Northfield Township, Michigan

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Northfield Township, Michigan
Township
Township Hall, Main St.
Township Hall, Main St.
Motto: Planning for our future, preserving our past
Northfield Township, Michigan is located in Michigan
Northfield Township, Michigan
Northfield Township, Michigan
Location within the state of Michigan
Coordinates: 42°24′2″N 83°44′36″W / 42.40056°N 83.74333°W / 42.40056; -83.74333Coordinates: 42°24′2″N 83°44′36″W / 42.40056°N 83.74333°W / 42.40056; -83.74333
Country United States
State Michigan
County Washtenaw
Area
 • Total 36.7 sq mi (95.0 km2)
 • Land 35.8 sq mi (92.6 km2)
 • Water 0.9 sq mi (2.3 km2)
Elevation 912 ft (278 m)
Population (2010)
 • Total 8,245
 • Density 220/sq mi (87/km2)
Time zone Eastern (EST) (UTC-5)
 • Summer (DST) EDT (UTC-4)
FIPS code 26-58280[1]
GNIS feature ID 1626812[2]
Website twp-northfield.org

Northfield Township is a civil township of Washtenaw County, located north of Ann Arbor in the U.S. state of Michigan. The population was 8,245 at the 2010 census.[3] The unincorporated community of Whitmore Lake lies within the northern portion of the township, on its border with Green Oak township in Livingston County.

History[edit]

Northfield Township was established in 1832, when the Territorial Legislature held a meeting in Detroit, and passed the resolution which brought it into existence. The name, popularly believed to refer to the fact that the township is in the northern part of the county, also points back to the New England heritage of many of its first settlers, whose practice it was to bring part of their homeland with them by naming new places after the ones they had left. Northfield Township could quite possibly be named after the New England site - Northfield, Massachusetts. However, that the town is in the "northern fields" of the county must have made the name seem quite appropriate.

Communities[edit]

  • Emery was an unincorporated community in the township. It was formed in 1831. It was later a station on the Toledo, Ann Arbor and Northern Michigan Railroad and had a post office from 1884 until 1903.[4]

Geography[edit]

According to the United States Census Bureau, the township has a total area of 36.7 square miles (95.0 km2), of which 35.8 square miles (92.6 km2) is land and 0.89 square miles (2.3 km2), or 2.45%, is water.[5]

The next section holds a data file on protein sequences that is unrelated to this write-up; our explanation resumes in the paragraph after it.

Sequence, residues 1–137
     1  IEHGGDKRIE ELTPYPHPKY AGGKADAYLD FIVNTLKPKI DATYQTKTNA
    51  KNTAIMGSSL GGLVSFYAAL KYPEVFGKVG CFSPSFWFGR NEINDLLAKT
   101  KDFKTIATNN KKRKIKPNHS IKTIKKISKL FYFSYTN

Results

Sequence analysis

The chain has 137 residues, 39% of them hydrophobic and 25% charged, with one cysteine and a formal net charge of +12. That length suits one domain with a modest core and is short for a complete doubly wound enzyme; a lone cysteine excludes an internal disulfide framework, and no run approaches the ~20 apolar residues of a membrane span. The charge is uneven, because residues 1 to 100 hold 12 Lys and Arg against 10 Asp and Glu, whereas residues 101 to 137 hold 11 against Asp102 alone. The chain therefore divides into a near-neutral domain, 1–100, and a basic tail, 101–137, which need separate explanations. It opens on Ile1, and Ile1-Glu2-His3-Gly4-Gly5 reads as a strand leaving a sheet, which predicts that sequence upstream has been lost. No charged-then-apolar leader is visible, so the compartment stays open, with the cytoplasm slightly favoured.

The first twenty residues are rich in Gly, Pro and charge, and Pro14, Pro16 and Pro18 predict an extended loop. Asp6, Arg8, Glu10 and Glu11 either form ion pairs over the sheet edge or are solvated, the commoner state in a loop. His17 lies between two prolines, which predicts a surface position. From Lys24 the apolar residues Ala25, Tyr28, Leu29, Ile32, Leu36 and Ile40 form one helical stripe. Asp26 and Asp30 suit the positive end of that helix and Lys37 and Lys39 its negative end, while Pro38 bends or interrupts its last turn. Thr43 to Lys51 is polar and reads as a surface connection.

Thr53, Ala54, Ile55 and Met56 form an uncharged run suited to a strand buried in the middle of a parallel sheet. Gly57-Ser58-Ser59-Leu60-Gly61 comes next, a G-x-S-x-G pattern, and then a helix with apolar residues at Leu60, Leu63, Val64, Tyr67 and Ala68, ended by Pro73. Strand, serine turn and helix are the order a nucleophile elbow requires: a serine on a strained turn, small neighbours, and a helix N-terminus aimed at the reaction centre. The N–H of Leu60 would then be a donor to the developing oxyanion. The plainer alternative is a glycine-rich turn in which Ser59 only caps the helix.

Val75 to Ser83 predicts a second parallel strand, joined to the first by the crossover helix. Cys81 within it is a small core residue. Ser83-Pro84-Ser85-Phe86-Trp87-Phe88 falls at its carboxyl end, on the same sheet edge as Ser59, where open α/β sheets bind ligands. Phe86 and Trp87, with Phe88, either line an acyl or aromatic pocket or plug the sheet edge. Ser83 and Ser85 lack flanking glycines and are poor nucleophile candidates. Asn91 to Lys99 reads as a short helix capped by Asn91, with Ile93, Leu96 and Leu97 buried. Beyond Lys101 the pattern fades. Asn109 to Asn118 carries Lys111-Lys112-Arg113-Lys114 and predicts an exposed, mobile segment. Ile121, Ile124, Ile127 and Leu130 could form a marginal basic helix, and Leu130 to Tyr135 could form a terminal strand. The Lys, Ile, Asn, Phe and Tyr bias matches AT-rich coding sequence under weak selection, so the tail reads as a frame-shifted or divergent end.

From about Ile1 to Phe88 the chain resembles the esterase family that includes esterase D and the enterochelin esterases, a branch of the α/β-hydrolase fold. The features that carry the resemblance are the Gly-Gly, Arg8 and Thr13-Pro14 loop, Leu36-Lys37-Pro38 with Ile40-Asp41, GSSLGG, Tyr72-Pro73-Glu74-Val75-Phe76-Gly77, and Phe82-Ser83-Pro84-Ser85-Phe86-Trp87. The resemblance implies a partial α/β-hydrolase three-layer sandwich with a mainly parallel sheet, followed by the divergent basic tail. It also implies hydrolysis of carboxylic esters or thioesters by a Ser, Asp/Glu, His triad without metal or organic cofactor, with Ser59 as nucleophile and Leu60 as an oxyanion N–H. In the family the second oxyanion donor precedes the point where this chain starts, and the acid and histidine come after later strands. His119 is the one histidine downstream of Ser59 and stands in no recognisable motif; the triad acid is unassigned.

Demographics[edit]

As of the census[1] of 2000, there were 8,252 people, 3,154 households, and 2,236 families residing in the township. The population density was 227.4 per square mile (87.8/km²). There were 3,393 housing units at an average density of 93.5 per square mile (36.1/km²). The racial makeup of the township was 96.13% White, 1.07% African American, 0.46% Native American, 0.57% Asian, 0.12% Pacific Islander, 0.23% from other races, and 1.42% from two or more races. Hispanic or Latino of any race were 1.08% of the population.

There were 3,154 households out of which 34.6% had children under the age of 18 living with them, 58.1% were married couples living together, 8.8% had a female householder with no husband present, and 29.1% were non-families. 21.5% of all households were made up of individuals and 3.6% had someone living alone who was 65 years of age or older. The average household size was 2.57 and the average family size was 3.02.

In the township the population was spread out with 25.6% under the age of 18, 7.1% from 18 to 24, 36.8% from 25 to 44, 22.2% from 45 to 64, and 8.3% who were 65 years of age or older. The median age was 35 years. For every 100 females there were 102.8 males. For every 100 females age 18 and over, there were 98.2 males.

The median income for a household in the township was $58,396, and the median income for a family was $68,393. Males had a median income of $41,883 versus $30,680 for females. The per capita income for the township was $25,543. About 2.4% of families and 4.1% of the population were below the poverty line, including 3.9% of those under age 18 and 0.9% of those age 65 or over.

Gallery[edit]

References[edit]

External links[edit]